As illustrated in Figure 4, GFP expression was also detected in the ventral horn of the spinal cord, from the cervical to lumbar levels (Figure 4A). MN transduction efficiency mediated by AAV9 and AAVrh10 was compared by co-immunofluorescence analysis using GFP and Choline Acetyltransferase (ChAT), a MN marker. Counting of GFP-positive ChAT MNs revealed that the mean percentage of transduced MNs was doubled throughout the spinal cord from mice injected with AAVrh10 compared to AAV9 at low dose (Figures 4Ba,Bb). Indeed, 22.1, 12.9, and 12.8% of MNs were transduced in the cervical, thoracic, and lumbar spinal cord after injection of low dose AAVrh10, vs. 11.8, 6.16, and 7.26% with AAV9 (p = 0.0001, 0.0403, and 0.0318) (Figures 4Ba,Bb). The superiority of AAVrh10 over AAV9 was less striking at the highest dose but was still significant in the whole spinal cord (Figure 4Bc). However, MN transduction analysis in each spinal cord segment showed a statistically significant difference only at the cervical level (25.9 vs. 20.2% for AAVrh10 and AAV9, respectively; p = 0.0049) (Figure 4Bd).
Figure 4. Comparison of lower motor neuron transduction in AAV9 and AAVrh10 injected mice. (A) Representative cervical spinal cord sections treated for GFP/ChAT co-immunostaining 30 days after intravenous injection of neonatal mice with low (a–f) and high (g–l) doses of AAV9 or AAVrh10 vectors (a,d,g,j) GFP-positive cells (b,e,h,k) ChAT-positive MNs; (c,f,i,l) merge (asterisks: double-stained MNs; panels at the top right corner: high magnification). Scale bars = 50 μm. (B) Percentage of GFP/ChAT-positive MNs in the whole spinal cord (a,c) and in each spinal cord segment (b,d) at low (a,b) and high (c,d) dose of AAV. Data are means ± SEM (n = 4) and differences between groups were analyzed by Student t-test in (a,c) and One-Way ANOVA, Newman-Keuls post-hoc-test in (b,d); *p < 0.05; **p < 0.01; ***p < 0.001.
Comparison of AAV9 and AAVrh10-mediated Transduction of the Peripheral Nervous System
We further compared transgene expression provided by the two AAV serotypes in the PNS, in particular the dorsal root ganglia (DRG) and the sciatic nerve. In the DRG, no significant difference was observed between AAV9 and AAVrh10 injected animals, although a strong tendency for an increased GFP immunofluorescence intensity was noted with AAVrh10 compared to AAV9 at the low dose (Figures 5A,C). Similarly, a difference between the two vectors was observed for transduction of the sciatic nerve only at the low dose (p = 0.02) (Figures 5B,D). At high dose, the intensity of GFP immunofluorescence was markedly increased, in particular with AAV9, with no significant difference between the two serotypes (p = 0.64) (Figures 5B,D). This dose-related effect on the transduction efficiency provided by AAV9 and AAVrh10 was demonstrated by a statistically significant “AAV serotype by dose” interaction (Two-Way ANOVA, p = 0.006).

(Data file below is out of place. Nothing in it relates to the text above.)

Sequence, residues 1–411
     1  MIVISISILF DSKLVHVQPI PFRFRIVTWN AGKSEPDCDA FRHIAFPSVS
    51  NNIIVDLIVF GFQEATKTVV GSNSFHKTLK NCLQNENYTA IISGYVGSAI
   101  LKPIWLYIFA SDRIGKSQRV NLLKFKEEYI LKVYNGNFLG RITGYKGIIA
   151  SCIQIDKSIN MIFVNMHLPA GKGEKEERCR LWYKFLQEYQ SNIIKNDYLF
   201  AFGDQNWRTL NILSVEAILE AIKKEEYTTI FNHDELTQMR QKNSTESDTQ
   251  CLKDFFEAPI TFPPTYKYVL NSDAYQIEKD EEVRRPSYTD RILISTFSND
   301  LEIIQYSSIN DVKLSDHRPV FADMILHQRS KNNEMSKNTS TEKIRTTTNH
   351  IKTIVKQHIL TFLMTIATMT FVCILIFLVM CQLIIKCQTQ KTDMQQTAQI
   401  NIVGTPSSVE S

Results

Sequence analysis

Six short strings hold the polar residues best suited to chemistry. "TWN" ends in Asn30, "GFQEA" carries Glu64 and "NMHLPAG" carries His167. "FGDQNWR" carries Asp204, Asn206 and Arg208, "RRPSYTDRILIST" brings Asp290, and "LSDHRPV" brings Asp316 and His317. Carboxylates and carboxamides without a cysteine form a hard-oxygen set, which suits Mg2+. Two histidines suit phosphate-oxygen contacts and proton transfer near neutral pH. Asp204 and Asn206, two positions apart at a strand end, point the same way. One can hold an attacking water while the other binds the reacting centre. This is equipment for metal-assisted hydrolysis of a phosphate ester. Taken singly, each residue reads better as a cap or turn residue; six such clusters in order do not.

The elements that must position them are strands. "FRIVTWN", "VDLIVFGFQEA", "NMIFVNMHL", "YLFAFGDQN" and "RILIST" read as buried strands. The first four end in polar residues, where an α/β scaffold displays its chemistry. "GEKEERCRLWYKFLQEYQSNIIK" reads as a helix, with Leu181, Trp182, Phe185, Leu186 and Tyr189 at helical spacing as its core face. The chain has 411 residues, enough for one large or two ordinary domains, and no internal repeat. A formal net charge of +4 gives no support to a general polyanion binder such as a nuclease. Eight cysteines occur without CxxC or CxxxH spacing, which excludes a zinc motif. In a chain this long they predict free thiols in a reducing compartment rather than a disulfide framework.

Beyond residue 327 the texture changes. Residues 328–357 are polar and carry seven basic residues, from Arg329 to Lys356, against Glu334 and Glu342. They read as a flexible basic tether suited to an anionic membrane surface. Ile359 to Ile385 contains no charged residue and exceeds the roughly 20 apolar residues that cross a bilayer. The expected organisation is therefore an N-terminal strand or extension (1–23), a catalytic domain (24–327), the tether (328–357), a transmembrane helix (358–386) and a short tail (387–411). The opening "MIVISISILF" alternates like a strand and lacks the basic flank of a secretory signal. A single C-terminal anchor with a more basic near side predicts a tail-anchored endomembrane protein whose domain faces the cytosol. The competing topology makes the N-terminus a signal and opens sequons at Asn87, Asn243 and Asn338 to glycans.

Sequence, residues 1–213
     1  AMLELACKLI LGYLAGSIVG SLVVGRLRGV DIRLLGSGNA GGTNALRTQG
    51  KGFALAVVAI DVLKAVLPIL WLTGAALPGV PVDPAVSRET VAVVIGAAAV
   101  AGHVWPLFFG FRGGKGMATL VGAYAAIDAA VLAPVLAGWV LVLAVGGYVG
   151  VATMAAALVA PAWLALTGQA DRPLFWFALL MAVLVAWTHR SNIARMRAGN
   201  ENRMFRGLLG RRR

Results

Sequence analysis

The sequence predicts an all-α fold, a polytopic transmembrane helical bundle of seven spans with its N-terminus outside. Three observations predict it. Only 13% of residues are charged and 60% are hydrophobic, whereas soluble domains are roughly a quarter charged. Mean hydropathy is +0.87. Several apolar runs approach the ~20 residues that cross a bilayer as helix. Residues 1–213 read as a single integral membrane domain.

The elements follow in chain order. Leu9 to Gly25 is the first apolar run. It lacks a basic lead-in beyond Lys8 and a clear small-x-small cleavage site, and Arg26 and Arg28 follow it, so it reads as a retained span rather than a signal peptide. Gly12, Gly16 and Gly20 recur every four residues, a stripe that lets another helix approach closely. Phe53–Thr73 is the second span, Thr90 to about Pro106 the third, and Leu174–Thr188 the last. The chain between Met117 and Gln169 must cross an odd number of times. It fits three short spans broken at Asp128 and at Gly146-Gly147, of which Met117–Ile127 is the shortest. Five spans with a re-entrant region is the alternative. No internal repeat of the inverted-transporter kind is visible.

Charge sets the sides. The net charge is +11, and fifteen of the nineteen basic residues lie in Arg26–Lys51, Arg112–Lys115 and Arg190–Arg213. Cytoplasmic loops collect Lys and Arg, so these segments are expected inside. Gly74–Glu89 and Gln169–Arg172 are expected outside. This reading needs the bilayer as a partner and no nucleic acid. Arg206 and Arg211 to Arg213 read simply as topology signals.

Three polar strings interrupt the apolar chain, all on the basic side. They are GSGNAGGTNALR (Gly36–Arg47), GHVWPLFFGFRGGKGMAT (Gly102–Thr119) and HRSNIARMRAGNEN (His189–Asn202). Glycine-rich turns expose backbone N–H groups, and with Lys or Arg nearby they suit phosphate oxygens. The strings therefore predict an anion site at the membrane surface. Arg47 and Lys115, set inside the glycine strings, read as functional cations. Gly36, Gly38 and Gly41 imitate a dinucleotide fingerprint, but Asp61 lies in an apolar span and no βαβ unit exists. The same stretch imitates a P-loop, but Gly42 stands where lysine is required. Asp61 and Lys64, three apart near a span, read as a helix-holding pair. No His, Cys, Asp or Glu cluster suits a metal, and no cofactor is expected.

Figure 5. GFP expression in the dorsal root ganglia and sciatic nerve of AAV9-GFP and AAVrh10-GFP injected mice. (A,B) Representative sections of (A) dorsal root ganglia and (B) sciatic nerve, treated for GFP immunofluorescence 30 days after neonatal delivery of AAV9 or AAVrh10 at low (a,b) and high (c,d) dose (n = 4 per dose and per serotype) (C,D) Quantification of GFP intensity/pixel in the dorsal root ganglia (C) and sciatic nerve (D) sections. Results are expressed as mean ± SEM (n = 4; Two-Way ANOVA analysis, Bonferroni Post-hoc-test: ***p < 0.001). (E) Representative sciatic nerve sections treated for (a,b) GFP/NF co-immunostaining (green: GFP; red: NF; yellow: merge) or (c,d) GFP/β-S100 co-immunostaining (green: GFP; red: β-S100; yellow: merge), 30 days after intravenous injection of neonatal mice with AAV9 (a,c) or AAVrh10 (b,d) at high dose (1014 vg/kg). Scale bars = (A) 50 μm; (B) 100 μm; (C) 20 μm.